3
$\begingroup$

The Riemann zeta function is defined on the $Re z> 1$ by $$\zeta(z)=\sum_{n=1}^\infty \frac{1}{n^z}$$

(i) show that for $Re z> 1$, we have $$(1-2^{1-z})\zeta(z)=\sum_{n=1}^\infty \frac{(-1)^{n+1}}{n^z}$$%

(ii) show that $$\sum_{n=1}^\infty \frac{(-1)^{n+1}}{n^z}$$ is an analytic function on $Re z> 0$

Thoughts thus far:

(i) Since $$2^z=2^{Rez+iImz}=2^{Rez}2^{iImz}=2^{Rez}[\cos(Imz\ln2)+i\sin(Imz\ln2)]$$ we obtain $$(1-2^{1-z})\zeta(z)=\sum_{n=1}^\infty \frac{1}{n^z}-\sum_{n=1}^\infty \frac{2^{1-z}}{n^z}=\sum_{n=1}^\infty \frac{1}{n^z}-\sum_{n=1}^\infty \frac{2}{2^{Rez}[\cos(Imz\ln2)+i\sin(Imz\ln2)]n^z}=$$ (by multiplying by the conjugate) $$\sum_{n=1}^\infty \frac{1}{n^z}-\sum_{n=1}^\infty \frac{2(\cos(Imz\ln2)-i\sin(Imz\ln2))}{2^{Rez}[\cos^2(Imz\ln2)+\sin^2(Imz\ln2)]n^z}=$$ (since $\sin^2\theta+\cos^2\theta=1$) $$\sum_{n=1}^\infty \frac{1}{n^z}-\sum_{n=1}^\infty \frac{2(\cos(Imz\ln2)-i\sin(Imz\ln2))}{2^{Rez}n^z}=\sum_{n=1}^\infty \frac{2^{Rez}-2(\cos(Imz\ln2)-i\sin(Imz\ln2))}{2^{Rez}n^z}$$, at which point I get stuck. I am uncertain whether unraveling $2^z$ in the manner that I did was fruitful or perhaps, as usual, I am missing something berry basic.

(ii) Since we want to show analyticity, we may show that the power series converges. Using the logic as above, we know that $$\sum_{n=1}^\infty \frac{(-1)^{n+1}}{n^z}=\sum_{n=1}^\infty \frac{(-1)^{n+1}}{n^{Rez}[\cos(Imz\ln n)+i\sin(Imz\ln n)]}=\sum_{n=1}^\infty \frac{(-1)^{n+1}[\cos(Imz\ln n)-i\sin(Imz\ln n)]}{n^{Rez}}$$ Since $\cos(Imz\ln n)-i\sin(Imz\ln n)$ represents oscillations around the unit circle we may clearly see that $$\lim_{n \to \infty}|\frac{(-1)^{n+1}\cos(Imz\ln n)-i\sin(Imz\ln n)}{n^{Rez}}|=\lim_{n \to \infty}|\frac{1}{n^{Rez}}|=0\iff Rez>0$$ and hence the power series converges if and only if Rez>0. Does this appear to be a valid proof for analyticity?

Thanks in advance for any help that you may provide

$\endgroup$
4
  • $\begingroup$ hints for (i) separate the even and odd parts (observe that $(2n)^z=2^z\,n^z$) and please keep $z$ as a whole! :-) $\endgroup$ Oct 27, 2012 at 9:43
  • $\begingroup$ for (ii) here is a proof by Rob Johnson. $\endgroup$ Oct 27, 2012 at 9:49
  • $\begingroup$ @RaymondManzoni Thank you for your response. The proof that Johnson did seems a bit involved, which makes me believe that my analysis above for part (ii) is flawed somehow. For part (ii), what is incorrect about the method that I employed? $\endgroup$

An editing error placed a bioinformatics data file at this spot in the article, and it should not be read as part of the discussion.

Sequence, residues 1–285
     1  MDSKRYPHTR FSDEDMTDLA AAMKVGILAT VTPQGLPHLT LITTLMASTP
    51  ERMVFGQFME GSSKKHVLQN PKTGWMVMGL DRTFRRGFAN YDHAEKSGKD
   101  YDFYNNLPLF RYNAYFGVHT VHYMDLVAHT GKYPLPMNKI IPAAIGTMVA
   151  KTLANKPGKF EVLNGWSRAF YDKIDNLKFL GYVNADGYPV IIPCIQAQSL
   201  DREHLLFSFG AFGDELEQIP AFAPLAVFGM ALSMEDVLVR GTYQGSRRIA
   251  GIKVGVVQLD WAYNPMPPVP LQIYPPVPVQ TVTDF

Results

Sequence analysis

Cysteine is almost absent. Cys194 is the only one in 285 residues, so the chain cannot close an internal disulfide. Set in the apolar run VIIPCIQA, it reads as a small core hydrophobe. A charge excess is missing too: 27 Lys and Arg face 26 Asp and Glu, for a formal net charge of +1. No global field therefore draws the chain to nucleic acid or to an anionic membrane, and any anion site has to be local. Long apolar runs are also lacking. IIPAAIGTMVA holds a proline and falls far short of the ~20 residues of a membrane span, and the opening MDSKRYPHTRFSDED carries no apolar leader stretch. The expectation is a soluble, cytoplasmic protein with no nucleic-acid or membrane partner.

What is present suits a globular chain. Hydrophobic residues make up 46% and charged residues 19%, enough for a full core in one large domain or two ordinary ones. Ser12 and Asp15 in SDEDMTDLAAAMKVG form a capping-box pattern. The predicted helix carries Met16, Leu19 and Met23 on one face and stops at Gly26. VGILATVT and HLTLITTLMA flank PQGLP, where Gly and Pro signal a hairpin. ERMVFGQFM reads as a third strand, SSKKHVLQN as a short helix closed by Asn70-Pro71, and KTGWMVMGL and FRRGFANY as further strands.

– ABC Bach
    Oct 27, 2012 at 10:07
  • $\begingroup$ Rob Johnson's proof is interesting to prove convergence for $\Re(s)>0$ (the $0$ limit you got is insufficient). But for your question $\Re(s)>1\ $ is merely supposed so that absolute convergence should be enough (as with $\zeta$ itself) and the integral test should allow to conclude (see too Dirichlet series) $\endgroup$ Oct 27, 2012 at 12:29

1 Answer 1

4
$\begingroup$

(i) For $\Re(z)> 1$ we have : $$ \begin{align} \zeta(z)&=\sum_{n=1}^\infty \frac 1{n^z}\\ &=\sum_{n=1}^\infty \frac {(-1)^{n+1}}{n^z}+2\sum_{n=1}^\infty \frac 1{(2n)^z}\\ &=\sum_{n=1}^\infty \frac {(-1)^{n+1}}{n^z}+2^{1-z}\,\zeta(z)\\ \end{align} $$ and the result :

$$(1-2^{1-z})\zeta(z)=\sum_{n=1}^\infty \frac{(-1)^{n+1}}{n^z}$$


(ii) For $\Re(z)> 0$ :

$$\sum_{n=1}^\infty \frac{(-1)^{n+1}}{n^z}=\sum_{n=1}^\infty \frac 1{(2n-1)^z} -\frac 1{(2n)^z}$$

You may use the 'mean value theorem' applied to $f(x)=x^{-z}$ to prove the existence of a real '$c$' verifying $\,2n-1\le c \le 2n\,$ and such that : $$f'(c)=\frac{f(2n)-f(2n-1)}1$$

Since $f'(c)=-z\,c^{-z-1}\,$ we have : $$f(2n-1)-f(2n)=\frac z{c^{z+1}}$$ getting the upper bound : $$|f(2n-1)-f(2n)|\le \left|\frac z{(2n-1)^{z+1}}\right|$$

and the majoration of our alternate series : $$\left|\sum_{n=1}^\infty \frac{(-1)^{n+1}}{n^z}\right|\ \le\ \sum_{n=1}^\infty \;\left|\frac z{(2n-1)^{z+1}}\right|$$

The right part is simply $\ \displaystyle f(x)=\sum_{n=1}^\infty \frac {|z|}{(2n-1)^{x+1}}\ $ with $\ x:=\Re(z)$.

Using the integral test with the observation that $\displaystyle\int_1^\infty \frac {dn}{\,(2n-1)^{x+1}}=\left[\frac {-1}{2x\,(2n-1)^x}\right]_{n=1}^\infty=\frac 1{2x} $ for $x > 0$ we conclude that the alternate series is convergent for $\Re(z)> 0$.

For more about Dirichlet series see this Wikipedia link.

$\endgroup$
5
  • $\begingroup$ Thank you for the in-depth explanation. Your result appears to depend only upon $\Re(z)> 1$. Why would the question then ask for us to prove that the series is analytic for the right half of the real plane? $\endgroup$
    – ABC Bach
    Oct 28, 2012 at 9:18
  • $\begingroup$ @ABCBach: Is that the question (iii) or more because you didn't specify this in (i) nor (ii) ? I think that indeed the point of the alternate series is to get convergence in the right half plane (so my earlier comments). $\endgroup$ Oct 28, 2012 at 9:24
  • $\begingroup$ That is because I originally posted the problem incorrectly (part (ii) was for $\Re(z)>0$). I sincerely apologize for the inconvenience. This is fixed now. $\endgroup$
    – ABC Bach
    Oct 28, 2012 at 9:30
  • $\begingroup$ @ABCBach: I'll update my answer with another proof. $\endgroup$ Oct 28, 2012 at 9:32
  • $\begingroup$ Thank you. Your help is very much appreciated. $\endgroup$
    – ABC Bach
    Oct 28, 2012 at 9:34

Your Answer

By clicking “Post Your Answer”, you agree to our terms of service, privacy policy and cookie policy

Not the answer you're looking for? Browse other questions tagged or ask your own question.